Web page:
My dog died.
The Femme Fatale was always a supporting character on my blog, rarely making appearances because she was an ever-present constant in my life. I've had her since I was 19; I was never an adult without her.
She got cancer. The things that we thought were not cancer turned out to be cancer. Last November she had an operation on her elbow to remove a soft-tissue tumor. Then in January, she had another operation to remove a growing fatty tumor on her hind leg. It turned out that the elbow cancer was more dangerous that the hind-leg cancer, but it was the latter that killed her.
I tried to take care of her. When she had elbow surgery, she had to be in a leg cast that prevented her from going up and down stairs for a month. I took time off work while she recovered. We live in a second floor walk-up, so we carried her up and down those stairs until she eventually figured out that she could use her cast as a launching pad.
Six weeks later we were back at the surgeon's office. Her hind leg kept growing and growing. She had surgery in 2009 to remove a fatty mass, and I thought this was the same thing. Cut out the mass and we'll be good to go. But the pathology came back stage 1 cancer, and it was impossible to get clean margins on the tumor without disfiguring her hip. I did not want to disfigure my senior dog. She was 14 and beyond her life expectancy. We hoped and prayed that the fatty tumor would take its time to grow back.
While the Femme Fatale healed, she became a brand new dog, sprinting around my dad's backyard. She acted like she was 2, not 14 and a half. But this wonderful last hurrah only lasted for a few months. The tumor came back, and because there was a fresh blood supply from the surgery, it came back faster. She was gone in 6 months.
It was terrible and it was traumatic and it still makes me cry. I did things and I saw things that I was not prepared for as a non-medical professional. The sight of blood still feels like a gunshot to my own heart. But I did them because I loved this dog. She was my heart.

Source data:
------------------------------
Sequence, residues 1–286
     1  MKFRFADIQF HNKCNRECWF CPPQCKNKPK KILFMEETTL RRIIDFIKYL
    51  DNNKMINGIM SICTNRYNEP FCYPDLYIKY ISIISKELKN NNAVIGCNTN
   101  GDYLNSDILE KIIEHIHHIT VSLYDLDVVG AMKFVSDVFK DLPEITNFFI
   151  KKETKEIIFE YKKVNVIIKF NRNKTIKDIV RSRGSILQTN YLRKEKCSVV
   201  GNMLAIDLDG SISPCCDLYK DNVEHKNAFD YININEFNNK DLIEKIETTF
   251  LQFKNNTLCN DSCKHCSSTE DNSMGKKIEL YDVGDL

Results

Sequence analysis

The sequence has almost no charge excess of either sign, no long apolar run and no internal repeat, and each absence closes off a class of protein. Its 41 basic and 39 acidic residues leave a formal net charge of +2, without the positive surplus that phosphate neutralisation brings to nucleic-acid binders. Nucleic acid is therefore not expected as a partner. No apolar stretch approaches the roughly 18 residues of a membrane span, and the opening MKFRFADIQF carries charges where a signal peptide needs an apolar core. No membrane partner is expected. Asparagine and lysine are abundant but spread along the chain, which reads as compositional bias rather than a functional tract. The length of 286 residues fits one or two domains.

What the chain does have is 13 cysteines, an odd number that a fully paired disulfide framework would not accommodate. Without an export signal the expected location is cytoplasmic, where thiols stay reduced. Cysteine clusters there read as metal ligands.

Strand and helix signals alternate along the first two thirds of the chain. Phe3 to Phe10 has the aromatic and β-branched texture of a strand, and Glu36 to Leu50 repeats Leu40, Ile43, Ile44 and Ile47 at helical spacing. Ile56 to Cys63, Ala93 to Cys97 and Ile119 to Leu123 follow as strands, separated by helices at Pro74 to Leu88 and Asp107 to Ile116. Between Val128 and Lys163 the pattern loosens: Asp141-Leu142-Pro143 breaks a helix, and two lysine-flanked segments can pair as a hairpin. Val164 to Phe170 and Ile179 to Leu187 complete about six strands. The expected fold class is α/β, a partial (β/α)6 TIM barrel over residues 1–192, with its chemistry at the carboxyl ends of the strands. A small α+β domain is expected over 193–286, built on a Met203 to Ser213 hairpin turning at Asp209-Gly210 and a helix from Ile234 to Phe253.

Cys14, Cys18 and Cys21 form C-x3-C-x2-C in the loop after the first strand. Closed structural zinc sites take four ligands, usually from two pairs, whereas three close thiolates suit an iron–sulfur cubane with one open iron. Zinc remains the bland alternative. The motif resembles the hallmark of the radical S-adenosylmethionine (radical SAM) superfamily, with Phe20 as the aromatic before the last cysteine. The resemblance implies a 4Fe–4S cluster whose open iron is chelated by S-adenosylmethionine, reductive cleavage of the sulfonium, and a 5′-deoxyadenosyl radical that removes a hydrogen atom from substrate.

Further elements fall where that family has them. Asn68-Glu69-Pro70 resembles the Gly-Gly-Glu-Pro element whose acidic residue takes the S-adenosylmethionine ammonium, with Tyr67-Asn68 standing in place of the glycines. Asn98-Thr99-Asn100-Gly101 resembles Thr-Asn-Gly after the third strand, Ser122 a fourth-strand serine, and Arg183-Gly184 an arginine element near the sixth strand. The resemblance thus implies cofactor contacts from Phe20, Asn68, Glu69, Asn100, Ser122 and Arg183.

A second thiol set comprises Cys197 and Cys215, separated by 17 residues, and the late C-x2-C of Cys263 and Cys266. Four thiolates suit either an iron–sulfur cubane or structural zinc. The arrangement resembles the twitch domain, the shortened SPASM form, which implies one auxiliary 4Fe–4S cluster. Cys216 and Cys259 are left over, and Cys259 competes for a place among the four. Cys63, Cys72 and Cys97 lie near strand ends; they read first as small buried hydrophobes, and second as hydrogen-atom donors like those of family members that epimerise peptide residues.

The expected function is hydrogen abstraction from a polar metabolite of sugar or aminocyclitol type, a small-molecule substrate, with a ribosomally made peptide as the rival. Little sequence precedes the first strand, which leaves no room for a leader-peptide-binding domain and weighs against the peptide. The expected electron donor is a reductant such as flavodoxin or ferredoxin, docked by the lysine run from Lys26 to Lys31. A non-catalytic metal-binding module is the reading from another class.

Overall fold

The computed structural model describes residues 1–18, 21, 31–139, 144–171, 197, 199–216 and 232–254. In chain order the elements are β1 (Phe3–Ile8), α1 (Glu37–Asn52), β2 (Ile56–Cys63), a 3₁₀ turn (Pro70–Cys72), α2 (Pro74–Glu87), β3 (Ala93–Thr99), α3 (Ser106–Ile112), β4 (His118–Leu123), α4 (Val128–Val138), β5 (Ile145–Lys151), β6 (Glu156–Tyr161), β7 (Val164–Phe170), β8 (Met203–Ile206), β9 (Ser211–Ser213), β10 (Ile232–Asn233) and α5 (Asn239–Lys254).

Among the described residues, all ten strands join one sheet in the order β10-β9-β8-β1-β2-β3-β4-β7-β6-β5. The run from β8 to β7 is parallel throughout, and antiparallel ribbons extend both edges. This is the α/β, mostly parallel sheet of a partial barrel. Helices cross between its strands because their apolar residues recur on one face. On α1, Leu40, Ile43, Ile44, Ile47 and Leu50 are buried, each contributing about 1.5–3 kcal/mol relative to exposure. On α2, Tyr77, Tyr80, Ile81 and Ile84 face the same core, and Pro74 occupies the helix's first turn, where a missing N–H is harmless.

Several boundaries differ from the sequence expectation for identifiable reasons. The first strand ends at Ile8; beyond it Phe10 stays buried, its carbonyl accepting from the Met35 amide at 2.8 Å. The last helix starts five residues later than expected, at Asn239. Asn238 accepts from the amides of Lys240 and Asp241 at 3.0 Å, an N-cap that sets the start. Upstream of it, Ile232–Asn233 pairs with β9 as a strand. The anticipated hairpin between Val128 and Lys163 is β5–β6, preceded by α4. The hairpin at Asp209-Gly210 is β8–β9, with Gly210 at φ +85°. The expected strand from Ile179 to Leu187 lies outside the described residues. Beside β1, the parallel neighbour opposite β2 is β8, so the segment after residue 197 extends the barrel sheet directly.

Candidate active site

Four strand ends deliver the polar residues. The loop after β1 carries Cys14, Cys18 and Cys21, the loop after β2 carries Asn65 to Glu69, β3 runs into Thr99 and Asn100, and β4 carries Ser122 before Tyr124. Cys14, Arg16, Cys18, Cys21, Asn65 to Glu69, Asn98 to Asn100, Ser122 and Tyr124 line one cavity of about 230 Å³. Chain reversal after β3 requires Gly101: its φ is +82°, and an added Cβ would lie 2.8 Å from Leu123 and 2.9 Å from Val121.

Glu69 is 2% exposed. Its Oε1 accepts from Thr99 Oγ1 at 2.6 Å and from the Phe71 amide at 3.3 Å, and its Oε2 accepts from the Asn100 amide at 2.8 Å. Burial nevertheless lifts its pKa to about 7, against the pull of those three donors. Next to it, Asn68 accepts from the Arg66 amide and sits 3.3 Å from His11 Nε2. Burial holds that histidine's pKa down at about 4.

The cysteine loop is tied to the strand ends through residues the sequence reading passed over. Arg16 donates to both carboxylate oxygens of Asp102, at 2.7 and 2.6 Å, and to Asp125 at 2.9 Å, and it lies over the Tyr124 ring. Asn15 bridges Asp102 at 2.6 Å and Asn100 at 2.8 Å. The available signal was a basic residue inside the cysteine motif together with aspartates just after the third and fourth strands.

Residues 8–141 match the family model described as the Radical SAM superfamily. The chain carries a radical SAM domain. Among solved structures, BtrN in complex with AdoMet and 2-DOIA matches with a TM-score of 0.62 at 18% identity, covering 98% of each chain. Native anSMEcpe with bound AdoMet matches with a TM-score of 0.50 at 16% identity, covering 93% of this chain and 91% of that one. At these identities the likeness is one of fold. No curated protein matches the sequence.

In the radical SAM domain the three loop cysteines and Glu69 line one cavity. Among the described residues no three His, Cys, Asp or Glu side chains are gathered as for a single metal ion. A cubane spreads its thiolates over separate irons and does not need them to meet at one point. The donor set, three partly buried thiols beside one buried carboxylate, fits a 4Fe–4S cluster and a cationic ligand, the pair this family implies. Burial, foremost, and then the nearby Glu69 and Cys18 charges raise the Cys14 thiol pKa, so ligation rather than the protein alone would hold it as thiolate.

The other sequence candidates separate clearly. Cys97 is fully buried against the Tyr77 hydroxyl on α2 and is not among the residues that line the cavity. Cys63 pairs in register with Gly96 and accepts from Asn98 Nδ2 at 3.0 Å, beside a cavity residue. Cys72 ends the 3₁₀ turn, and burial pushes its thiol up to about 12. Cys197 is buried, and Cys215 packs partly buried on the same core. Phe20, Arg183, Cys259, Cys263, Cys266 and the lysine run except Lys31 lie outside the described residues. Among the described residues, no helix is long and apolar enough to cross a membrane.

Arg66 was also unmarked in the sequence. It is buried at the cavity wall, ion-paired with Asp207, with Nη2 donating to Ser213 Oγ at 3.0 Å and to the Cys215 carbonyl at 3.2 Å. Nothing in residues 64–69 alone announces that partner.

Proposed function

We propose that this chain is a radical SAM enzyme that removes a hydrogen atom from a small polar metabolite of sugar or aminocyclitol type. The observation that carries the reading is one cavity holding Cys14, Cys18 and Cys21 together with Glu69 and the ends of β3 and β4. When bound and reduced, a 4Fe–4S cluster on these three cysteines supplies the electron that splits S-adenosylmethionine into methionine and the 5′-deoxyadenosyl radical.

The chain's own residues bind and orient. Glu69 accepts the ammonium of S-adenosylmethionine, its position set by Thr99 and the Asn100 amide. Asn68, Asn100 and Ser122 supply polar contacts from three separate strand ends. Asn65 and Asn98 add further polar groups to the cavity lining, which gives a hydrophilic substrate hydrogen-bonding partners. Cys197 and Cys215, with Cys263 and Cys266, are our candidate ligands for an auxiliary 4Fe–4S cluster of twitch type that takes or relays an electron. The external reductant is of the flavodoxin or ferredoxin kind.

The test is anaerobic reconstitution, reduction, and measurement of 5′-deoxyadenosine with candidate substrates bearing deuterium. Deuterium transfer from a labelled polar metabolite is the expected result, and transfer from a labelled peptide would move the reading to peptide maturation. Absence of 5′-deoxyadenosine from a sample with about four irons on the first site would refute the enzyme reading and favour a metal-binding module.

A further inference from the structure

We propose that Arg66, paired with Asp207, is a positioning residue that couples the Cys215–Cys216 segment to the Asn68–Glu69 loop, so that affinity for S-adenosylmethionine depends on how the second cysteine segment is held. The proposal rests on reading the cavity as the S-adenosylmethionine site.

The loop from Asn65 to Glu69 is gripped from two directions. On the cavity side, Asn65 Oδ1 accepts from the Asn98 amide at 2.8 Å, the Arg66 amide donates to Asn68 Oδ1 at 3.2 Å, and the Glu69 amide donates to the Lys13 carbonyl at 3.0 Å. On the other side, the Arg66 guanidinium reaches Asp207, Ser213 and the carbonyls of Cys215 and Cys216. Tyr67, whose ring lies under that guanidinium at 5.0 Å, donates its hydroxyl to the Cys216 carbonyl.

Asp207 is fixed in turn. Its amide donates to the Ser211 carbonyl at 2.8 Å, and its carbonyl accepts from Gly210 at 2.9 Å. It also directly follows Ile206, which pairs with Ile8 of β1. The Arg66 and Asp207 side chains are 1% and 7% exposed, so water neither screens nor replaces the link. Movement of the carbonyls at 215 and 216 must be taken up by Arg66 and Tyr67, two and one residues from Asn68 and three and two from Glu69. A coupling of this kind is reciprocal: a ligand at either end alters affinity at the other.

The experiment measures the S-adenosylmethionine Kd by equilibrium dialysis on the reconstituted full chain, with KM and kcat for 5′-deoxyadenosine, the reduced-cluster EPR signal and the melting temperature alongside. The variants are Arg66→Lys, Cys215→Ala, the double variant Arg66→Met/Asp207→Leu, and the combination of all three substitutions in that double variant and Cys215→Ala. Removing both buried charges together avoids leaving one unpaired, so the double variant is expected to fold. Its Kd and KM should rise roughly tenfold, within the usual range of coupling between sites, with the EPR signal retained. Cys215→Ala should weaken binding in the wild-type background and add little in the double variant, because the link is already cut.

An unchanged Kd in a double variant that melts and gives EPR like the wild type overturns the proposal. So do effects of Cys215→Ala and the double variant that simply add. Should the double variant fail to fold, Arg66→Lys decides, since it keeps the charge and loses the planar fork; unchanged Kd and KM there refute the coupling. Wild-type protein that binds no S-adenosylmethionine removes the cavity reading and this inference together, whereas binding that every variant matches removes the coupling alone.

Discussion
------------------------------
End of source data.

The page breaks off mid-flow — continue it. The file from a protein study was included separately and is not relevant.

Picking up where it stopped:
I hoped every day that I would come home from work and find her gone so that I wouldn't have to make the life-ending decision. But neither life nor death works that way. I made Abraham call the vet because I couldn't and we loaded her into the car and she stuck her head out the window on the way there.
It's not fair.
The things you love should have to be there forever; they shouldn't be allowed to leave you. I changed without her. My heart was irreparably broken. I couldn't process stessors the way I normally could. I didn't realize how much I had relied on her for my own emotional well-being. I couldn't lay on the floor and stroke her fur. I would dream about her standing by my nightstand and begging for snacks they way she had only weeks before.
The response I received from my other pet-loving friends was the only thing that helped. A friend of my mom's went to the animal shelter the same day and bought every single dog there a Frosty Paw in the Femme Fatale's name. My work sent flowers, something they didn't even do when my grandparents died. A friend made a donation to a husky rescue in the Femme Fatale's name and sent me a shadow box to display her collar. Another friend sent a card with her picture on it. Another friend had a blanket made with pictures of her. I'm very lucky to have such thoughtful people in my life.
I don't want to end this on a depressing note, so I'll speed up the timeline. Two months later we went to a Petsmart to look at the "ugly" dogs as I called them at the time. "They aren't pretty, so I know we aren't getting one," I had told Abe at the time. But the husky rescue had one girl who looked just enough like the Femme Fatale but also was just different enough. A red husky, taller and leaner, with one blue eye and one hazel eye. One eye to see heaven and one eye to see earth. She came home with us the same day.
We honored the Femme Fatale's life by saving another dog's life. The new dog was an owner surrender to a high-kill shelter in Tennessee. She was pulled by a lady who worked there until a rescue could make room for her. I'm grateful for that lady.
The hole in my heart for the Femme Fatale isn't filled. I don't think it will ever be. She is the first love of my life. I still miss her every day and think about her every day. I wonder if the two dogs would have liked each other. Probably not; the Femme Fatale was very much an only dog. But it feels good to laugh again.